One Woman Against AirBnb is a Hollow Victory in New Orleans

New Orleans   I wanted to share what I hoped was a simple story of one woman’s persistence prevailing over a giant, rogue company and the ineffectual enforcement by a city of its regulations governing the company.

That story had as its activist, community hero a woman named Ada Phleger, a young attorney in the Federal Public Defender’s office in New Orleans.  Phleger had lived in the St. Claude neighborhood, where Fair Grinds Coffeehouse second location sits on the border.  She had lived in the area for eight years and moved into her current house recently.  When she moved there recently there were two whole-home short-term rentals on the block.  Then there were three.  She drew a line to fight when the fourth emerged, so began to try to beat the permit before there were guests.

The company is both on AirBnb and managed by Boston outfit, called Heirloom or Stayloom, owned by Frank and Dan Glaser, for some owners and on its own account.  They claim 100 properties in New Orleans, Boston, and New York according to research by The Lens, the local on-line news service.  Sixty-seven of the properties are in New Orleans.  The Lens, following up on Phleger’s fight, found the addresses on 34 with 19 having either no permits or expired permits.

Phleger’s fight was Biblical.  She kept reporting them to the city for violations and then having to get videos when photos of guests were not enough, the months drug on, and guests piled in with no enforcement action.  Finally, in frustration she used her mother’s AirBnb account and hosted a dinner party there for a family birthday party to prove it was being rented and to photograph the inside, establishing that no owner lived there.  Finally, the city canceled their permit since none of the requirements were being met.  There were stories in the local papers and on television one woman’s victory over corporate and governmental ineptness.  She was interviewed by NPR.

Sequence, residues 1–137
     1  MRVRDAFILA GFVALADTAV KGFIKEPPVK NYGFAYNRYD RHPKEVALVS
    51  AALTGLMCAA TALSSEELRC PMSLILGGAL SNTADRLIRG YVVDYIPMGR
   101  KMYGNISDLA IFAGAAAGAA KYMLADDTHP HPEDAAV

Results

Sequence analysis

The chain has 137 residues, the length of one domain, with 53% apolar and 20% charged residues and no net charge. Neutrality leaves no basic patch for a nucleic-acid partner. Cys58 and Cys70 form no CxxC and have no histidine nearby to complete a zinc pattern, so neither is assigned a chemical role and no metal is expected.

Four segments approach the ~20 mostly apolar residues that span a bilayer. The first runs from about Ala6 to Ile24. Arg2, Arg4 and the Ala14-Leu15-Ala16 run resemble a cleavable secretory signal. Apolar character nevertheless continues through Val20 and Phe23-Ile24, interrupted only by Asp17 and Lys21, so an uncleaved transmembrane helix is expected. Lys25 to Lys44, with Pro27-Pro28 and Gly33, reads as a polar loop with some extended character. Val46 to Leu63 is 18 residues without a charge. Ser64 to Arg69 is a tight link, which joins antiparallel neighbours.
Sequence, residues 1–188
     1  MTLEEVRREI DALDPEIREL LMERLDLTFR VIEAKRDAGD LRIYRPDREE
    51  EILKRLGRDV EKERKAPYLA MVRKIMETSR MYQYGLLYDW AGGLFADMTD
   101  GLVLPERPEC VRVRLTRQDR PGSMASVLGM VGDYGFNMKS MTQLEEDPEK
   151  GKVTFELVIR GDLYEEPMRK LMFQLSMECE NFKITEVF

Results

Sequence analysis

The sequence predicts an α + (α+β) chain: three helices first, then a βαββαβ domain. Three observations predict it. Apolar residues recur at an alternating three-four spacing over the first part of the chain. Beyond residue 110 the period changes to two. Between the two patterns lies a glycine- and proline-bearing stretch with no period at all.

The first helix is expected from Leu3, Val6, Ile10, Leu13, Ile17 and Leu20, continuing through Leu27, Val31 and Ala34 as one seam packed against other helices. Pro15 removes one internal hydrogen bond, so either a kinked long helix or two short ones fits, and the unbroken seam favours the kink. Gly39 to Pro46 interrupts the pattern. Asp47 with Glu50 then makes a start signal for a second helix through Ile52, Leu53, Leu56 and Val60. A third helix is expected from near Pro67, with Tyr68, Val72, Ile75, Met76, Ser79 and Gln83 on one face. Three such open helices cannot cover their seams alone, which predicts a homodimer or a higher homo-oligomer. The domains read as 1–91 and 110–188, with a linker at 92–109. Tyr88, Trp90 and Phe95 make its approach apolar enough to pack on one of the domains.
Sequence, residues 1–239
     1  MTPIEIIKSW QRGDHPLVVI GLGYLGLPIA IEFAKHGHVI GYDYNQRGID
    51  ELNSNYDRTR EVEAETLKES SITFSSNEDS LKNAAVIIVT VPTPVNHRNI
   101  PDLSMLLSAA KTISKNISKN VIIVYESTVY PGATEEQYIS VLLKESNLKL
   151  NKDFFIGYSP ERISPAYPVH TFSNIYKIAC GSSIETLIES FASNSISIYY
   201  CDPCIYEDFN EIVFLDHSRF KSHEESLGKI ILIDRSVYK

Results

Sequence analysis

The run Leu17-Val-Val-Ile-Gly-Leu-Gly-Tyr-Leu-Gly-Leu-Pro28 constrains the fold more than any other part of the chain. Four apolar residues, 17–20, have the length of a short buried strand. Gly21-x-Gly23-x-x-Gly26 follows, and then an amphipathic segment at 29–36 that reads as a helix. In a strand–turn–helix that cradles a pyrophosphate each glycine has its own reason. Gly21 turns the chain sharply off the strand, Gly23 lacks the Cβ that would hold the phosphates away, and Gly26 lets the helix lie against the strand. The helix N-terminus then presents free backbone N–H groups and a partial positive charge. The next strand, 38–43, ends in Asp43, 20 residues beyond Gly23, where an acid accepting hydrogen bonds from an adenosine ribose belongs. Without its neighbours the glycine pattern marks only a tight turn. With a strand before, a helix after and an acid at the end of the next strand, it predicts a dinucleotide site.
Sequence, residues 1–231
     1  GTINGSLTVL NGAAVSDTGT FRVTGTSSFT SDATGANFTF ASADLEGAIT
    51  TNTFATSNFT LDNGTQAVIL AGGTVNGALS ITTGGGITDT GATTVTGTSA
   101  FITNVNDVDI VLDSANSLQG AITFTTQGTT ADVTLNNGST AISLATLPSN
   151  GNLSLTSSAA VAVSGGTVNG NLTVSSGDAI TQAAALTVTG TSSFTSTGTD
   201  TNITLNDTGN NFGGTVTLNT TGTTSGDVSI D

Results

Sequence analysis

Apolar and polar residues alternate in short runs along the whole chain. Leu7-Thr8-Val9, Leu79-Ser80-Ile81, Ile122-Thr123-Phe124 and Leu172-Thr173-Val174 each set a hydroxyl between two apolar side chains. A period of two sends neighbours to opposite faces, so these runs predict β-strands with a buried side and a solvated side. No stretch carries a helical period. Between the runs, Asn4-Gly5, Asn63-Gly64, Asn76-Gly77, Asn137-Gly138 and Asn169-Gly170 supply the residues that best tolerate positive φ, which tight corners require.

All good, but…

Reading more deeply in the stories and the Lens reporting, there’s no question that Phleger was a freedom fighter here.  That piece of the puzzle remains in place.   Some of the other pieces though don’t fit as well.

The city was not as inept and unresponsive as it seemed.  The initial regulations appear to have been Swiss cheese with as many gaping holes and, even worse, they were written so vaguely that the information AirBnb and other operators were supposed to provide was opaque and didn’t allow real enforcement.

AirBnb had touted the deal with the former administration of Mayor Mitch Landrieu as a pacesetter in the industry, attempting to establish that they could work with a city and play by the rules.  They did eliminate 3000 listings, but after that it seems they drove a truck through the holes in the regulations, which also allowed outfits like Stayloom doing mass-rentals to exploit the language as well.  All of which made the city look like chumps, re-enforcing the conservative narrative of ineffectual local government, when a closer look tells the old story about the devil being in the details, regardless of the headlines.

The local councilwoman claims that regulations close some of the loopholes.  Now, the question might be whether or not New Orleans – or any city really – can keep up with a floating crap game, supported by visiting consumers and some homeowners trying to make their own mortgages, and exploited by rapacious companies with money to gain and little to lose.